And so we have it today, more obvious, much more blatant in the ghettoes and barrios — a form of fascism that has replaced gas ovens and concentration camps with death rows and control-unit torture chambers; plantations with prison industrial complexes deployed in rural white communities to perpetuate white supremacy and Black/Brown exploitation. An obscene concentration of wealth at the top with one percent owning more wealth than 95% of the U.S. population; individuals so superrich their wealth exceeds the total combined budgets of scores of nations — as they plunder the globe in the quest for more.
“The fascist must expand to live. Consequently he has pushed his frontiers to the farthest lands and peoples. This is an aspect of his being, an ungovernable compulsion. This perverted mechanical monster suffers from a disease that forces him to build ugly things and destroy beauty wherever he finds it. I just read in a legal newspaper that 50 percent of all the people ever executed in this country by the state were black and 100 percent were lower-class poor. I’m going to bust my heart trying to stop these smug, degenerate, primitive, omnivorous, uncivil … and anyone who would aid me, I embrace you.”(George Jackson)
At the time Jackson wrote those words (1970), he was facing a mandatory death sentence even if only convicted of assaulting a guard (Ca. Statute 4500), and was already in solitary confinement where he spent most of the 11 years of his incarceration. Although that particular law and the indeterminate sentence are no longer on the books, the spirit of the law is being implemented through the no-parole policies of Republicrat Gov. Grey Davis and a death row that now totals over 600 human beings slated for state murder. Nationwide, the figures are about 3600.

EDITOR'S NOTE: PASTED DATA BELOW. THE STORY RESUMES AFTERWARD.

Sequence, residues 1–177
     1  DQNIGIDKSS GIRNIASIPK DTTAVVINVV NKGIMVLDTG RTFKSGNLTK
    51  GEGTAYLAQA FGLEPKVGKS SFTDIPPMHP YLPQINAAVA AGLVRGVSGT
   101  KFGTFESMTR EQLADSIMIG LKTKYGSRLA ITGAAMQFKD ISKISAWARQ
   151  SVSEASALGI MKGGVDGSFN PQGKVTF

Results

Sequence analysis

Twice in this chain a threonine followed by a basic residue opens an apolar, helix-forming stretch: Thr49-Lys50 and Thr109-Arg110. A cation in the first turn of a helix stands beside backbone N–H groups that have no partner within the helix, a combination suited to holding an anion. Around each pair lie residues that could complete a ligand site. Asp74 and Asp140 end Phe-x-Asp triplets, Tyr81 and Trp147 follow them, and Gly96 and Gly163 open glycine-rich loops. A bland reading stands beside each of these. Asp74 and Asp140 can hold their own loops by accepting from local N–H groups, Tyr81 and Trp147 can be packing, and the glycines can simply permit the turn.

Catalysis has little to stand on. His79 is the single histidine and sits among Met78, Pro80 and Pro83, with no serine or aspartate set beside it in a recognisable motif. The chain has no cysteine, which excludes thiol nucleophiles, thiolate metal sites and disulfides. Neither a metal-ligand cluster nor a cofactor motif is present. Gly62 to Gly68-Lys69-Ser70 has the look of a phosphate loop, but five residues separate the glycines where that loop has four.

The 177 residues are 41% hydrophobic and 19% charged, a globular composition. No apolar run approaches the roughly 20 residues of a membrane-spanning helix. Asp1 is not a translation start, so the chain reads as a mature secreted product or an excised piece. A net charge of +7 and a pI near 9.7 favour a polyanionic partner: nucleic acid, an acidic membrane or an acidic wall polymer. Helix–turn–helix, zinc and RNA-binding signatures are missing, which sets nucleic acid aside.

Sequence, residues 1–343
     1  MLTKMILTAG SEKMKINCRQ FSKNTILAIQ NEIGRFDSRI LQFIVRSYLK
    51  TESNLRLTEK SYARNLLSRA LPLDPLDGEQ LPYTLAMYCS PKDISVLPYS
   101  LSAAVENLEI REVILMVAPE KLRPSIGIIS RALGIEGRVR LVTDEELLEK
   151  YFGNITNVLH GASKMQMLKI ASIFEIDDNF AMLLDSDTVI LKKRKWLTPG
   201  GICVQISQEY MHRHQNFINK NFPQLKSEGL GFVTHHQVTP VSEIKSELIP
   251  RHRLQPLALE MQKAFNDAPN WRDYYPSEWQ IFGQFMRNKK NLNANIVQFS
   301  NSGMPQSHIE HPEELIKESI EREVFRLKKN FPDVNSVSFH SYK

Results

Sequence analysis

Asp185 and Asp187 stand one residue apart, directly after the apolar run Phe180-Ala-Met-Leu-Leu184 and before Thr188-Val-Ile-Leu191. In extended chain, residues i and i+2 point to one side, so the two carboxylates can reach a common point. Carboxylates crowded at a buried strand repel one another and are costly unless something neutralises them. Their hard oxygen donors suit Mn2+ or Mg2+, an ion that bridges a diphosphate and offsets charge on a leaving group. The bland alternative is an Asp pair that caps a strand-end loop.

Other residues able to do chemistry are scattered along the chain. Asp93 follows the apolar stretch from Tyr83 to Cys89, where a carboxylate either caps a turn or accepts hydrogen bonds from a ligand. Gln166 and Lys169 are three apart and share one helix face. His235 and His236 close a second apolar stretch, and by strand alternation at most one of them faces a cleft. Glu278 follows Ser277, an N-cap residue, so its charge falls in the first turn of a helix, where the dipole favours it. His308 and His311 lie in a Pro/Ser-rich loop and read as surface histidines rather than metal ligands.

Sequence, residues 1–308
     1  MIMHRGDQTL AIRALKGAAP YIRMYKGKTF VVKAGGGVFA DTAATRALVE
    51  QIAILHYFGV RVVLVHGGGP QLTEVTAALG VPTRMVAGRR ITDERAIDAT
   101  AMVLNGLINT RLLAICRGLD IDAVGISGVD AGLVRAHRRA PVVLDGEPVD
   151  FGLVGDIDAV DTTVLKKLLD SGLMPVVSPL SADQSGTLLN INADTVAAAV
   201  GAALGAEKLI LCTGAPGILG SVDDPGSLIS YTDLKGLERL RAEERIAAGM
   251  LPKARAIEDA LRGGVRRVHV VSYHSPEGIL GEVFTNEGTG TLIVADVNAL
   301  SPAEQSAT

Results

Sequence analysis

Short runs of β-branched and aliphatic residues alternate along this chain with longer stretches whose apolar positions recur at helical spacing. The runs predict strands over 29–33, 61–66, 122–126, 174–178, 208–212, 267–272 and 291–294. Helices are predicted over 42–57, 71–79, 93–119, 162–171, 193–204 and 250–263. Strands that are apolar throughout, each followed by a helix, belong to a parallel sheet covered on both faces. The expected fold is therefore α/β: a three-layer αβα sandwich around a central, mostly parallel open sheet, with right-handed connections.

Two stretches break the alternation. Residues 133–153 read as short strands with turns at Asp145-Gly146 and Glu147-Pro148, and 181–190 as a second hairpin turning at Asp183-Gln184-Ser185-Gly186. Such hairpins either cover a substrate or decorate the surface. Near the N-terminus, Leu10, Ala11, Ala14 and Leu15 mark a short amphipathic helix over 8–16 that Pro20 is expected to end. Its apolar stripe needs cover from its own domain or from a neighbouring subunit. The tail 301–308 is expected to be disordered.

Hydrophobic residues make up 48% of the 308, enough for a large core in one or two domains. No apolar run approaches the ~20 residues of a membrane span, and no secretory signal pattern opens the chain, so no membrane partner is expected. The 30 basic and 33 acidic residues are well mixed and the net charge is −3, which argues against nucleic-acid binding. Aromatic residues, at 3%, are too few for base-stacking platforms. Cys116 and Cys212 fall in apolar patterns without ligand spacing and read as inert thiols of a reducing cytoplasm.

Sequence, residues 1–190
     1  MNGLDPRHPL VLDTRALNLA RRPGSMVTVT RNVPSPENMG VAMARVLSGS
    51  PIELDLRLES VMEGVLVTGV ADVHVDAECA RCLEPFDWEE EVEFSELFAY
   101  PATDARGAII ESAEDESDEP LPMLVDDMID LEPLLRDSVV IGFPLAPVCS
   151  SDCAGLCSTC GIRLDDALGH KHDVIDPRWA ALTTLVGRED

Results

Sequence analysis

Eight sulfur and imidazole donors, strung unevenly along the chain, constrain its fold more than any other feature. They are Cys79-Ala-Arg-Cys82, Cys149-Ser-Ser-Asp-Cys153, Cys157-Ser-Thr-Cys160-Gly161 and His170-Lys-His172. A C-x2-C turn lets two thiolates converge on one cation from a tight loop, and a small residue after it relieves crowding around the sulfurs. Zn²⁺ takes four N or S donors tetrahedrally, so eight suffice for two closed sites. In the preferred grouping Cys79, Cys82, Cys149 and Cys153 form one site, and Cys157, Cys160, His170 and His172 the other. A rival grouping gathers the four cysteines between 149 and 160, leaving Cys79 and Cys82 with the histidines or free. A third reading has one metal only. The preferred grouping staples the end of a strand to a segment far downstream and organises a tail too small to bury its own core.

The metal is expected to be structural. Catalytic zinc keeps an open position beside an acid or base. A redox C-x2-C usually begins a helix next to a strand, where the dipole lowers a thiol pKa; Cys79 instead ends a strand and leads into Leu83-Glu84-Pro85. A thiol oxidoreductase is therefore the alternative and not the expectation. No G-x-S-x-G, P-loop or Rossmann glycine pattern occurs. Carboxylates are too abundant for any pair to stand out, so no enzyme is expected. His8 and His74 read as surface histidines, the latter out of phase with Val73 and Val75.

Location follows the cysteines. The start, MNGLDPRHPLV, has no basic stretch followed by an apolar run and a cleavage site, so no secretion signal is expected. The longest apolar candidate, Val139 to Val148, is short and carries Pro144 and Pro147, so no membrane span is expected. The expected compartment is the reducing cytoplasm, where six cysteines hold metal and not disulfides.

On August 21, 1971, in what was described by prison officials as an escape attempt, George Jackson allegedly smuggled a gun into San Quentin in a wig. That feat was proven impossible, and evidence subsequently suggested a setup designed by prison officials to eliminate Jackson once and for all as they had tried numerous times. However, they didn’t count on losing any of their own in the process. On that fateful day, three notoriously racist prison guards and two inmate turnkeys were also killed. According to an eye witness, when Jackson was shot while running on the yard, he got up instantly and dived in the direction of some bushes. He was subsequently murdered while lying on the ground wounded.
Six Black prisoners were put on trial — wearing 30 lbs of chains — in Marin County Courthouse charged with murder and assault. Fleeta Drumgo, David Johnson, Hugo L.A. Pinell (Yogi), Luis Talamantez, Johnny Spain, and Willie Sundiata Tate. Only one was convicted of murder, Johnny Spain. The others were either acquitted or convicted of assault. Pinell is the only one remaining in prison; all the others were released years ago. But Yogi has suffered prolonged torture in lockups since 1969, and is currently enduring his 13th year in Pelican Bay Bay’s SHU. He remains amazingly strong and revolutionary.